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A Train Derailment Sparked by Emergency Brake, MTA Boss Joe Lhota Says

 A sudden braking caused a train derailment in Harlem, injuring 30 people and causing massive transit disruption.
A sudden braking caused a train derailment in Harlem, injuring 30 people and causing massive transit disruption.
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TWU Local 100

WEST HARLEM — Investigators are trying to figure out why an emergency brake suddenly activated and derailed a southbound A train near West 125th Street and injured more than 30 people Tuesday morning, officials said.

The southbound A train was pulling into the 125th Street stop when the brake suddenly snapped on and sent two of its eight cars off the rails and into the subway tunnel wall about 9:48 a.m., officials said.

“The emergency brakes automatically went on. The train bucked forward, it bucked backwards, and in the process of doing that, there are eight cars on this train, two of the cars derailed. They scraped the side of the walls,” MTA Chairman Joseph Lhota — who recently returned to the position after stepping down in 2012 — said at a press conference at the scene.

“The brakes went into emergency. We need to determine why they went into emergency ... until the train is removed, we really don’t know the full extent of what’s there. We’ll be able to know that over the next couple of hours,” Lhota added.

Investigators are still piecing together how fast the train was going and how the brakes triggered, but "numerous transit workers and investigators" were combing the tunnel to find out, Lhota said.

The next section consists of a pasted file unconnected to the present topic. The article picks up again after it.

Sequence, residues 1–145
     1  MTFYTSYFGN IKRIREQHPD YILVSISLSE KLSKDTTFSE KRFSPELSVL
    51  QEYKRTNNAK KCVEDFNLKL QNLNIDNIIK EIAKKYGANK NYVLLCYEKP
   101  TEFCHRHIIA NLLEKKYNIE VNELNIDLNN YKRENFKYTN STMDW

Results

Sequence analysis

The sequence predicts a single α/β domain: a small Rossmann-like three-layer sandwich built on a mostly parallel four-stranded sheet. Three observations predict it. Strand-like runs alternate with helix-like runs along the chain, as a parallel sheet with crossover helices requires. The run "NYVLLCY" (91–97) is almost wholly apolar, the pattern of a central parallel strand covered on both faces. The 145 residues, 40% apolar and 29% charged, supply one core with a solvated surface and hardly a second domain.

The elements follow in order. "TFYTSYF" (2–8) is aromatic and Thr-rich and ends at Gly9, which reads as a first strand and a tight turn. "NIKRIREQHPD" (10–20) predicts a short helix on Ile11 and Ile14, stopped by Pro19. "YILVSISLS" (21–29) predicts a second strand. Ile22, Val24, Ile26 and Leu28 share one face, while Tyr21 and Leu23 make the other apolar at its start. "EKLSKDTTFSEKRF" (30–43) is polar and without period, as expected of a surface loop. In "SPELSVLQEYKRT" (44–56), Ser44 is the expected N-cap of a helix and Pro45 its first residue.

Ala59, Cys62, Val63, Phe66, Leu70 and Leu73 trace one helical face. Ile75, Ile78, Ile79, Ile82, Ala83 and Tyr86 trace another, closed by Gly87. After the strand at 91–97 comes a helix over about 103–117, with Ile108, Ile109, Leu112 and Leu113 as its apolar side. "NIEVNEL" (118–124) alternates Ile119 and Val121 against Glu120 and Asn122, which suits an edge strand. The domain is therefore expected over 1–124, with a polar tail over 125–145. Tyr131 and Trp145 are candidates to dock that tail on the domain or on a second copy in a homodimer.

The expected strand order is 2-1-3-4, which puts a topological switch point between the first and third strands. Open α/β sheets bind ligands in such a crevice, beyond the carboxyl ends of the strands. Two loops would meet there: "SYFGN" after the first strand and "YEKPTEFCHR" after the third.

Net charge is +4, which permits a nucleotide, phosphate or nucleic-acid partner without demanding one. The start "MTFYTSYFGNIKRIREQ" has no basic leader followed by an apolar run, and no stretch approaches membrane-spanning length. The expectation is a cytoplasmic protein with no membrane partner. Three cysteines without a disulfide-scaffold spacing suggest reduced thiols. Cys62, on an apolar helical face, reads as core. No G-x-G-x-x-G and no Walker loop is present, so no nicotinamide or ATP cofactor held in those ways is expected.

"We're evaluating right now what caused the brakes to go into emergency. We do not know. That investigation is ongoing," Lhota added.

Tony Utano, the Transit Workers Union Local 100 vice president for the Maintenance of Way, said that the damage caused by the accident was extensive.

"It's a serious derailment, with quite a bit of damage to signals and some structural damage to the walls," he said. "Our members are working as fast and safely as possible to bring the system back to normal."

Lhota — who helmed the MTA from October 2011 through December 31, 2012, including leading the agency through Hurricane Sandy — returned to his former post last week amid a crush of bad press and disastrous infrastructure conditions.

Lhota nodded to the crumbling conditions and underfunded repairs at Tuesday's press conference, but said that initial investigations don't seem to indicate any mechanical error. But he said it was too soon to say since the cause has not yet been determined.

He added that the fire and smoke conditions were caused by trash on the tracks ignited by sparks from the derailment.

"This does not look like a failure on the part of equipment," Lhota said.

He added that he intended to "restore confidence" in the beleaguered agency and that New Yorkers should be able to get to school and work safely and on time.

"One of the things that I’ll do while I'm here is to rebuild the confidence in the ability of the MTA. We transport millions of people every day. We want to do it safely. We want to do it as quickly and as efficiently as we possibly can, the way we've always done it and the way we will continue to do it," Lhota said.

Governor Andrew Cuomo, who controls the MTA board, has not issued a statement on the accident.

City Councilman Ydanis Rodriguez, chairman of the Transportation Committee, called for a line-by-line audit of the MTA budget.

"The system is in crisis. Emergency measures need to be taken," the councilman's spokesman Russell Murphy said.

Rodriguez endorsed closing down train lines for emergency repairs to ensure rider safety. He said that nearly $55 billion has been allocated to capital improvements over the last decade, some of which has yet to be spent.

"The system is failing. We want to make sure that the money is going to the right places, because that's a lot of money for a system that is not up to snuff," Murphy said.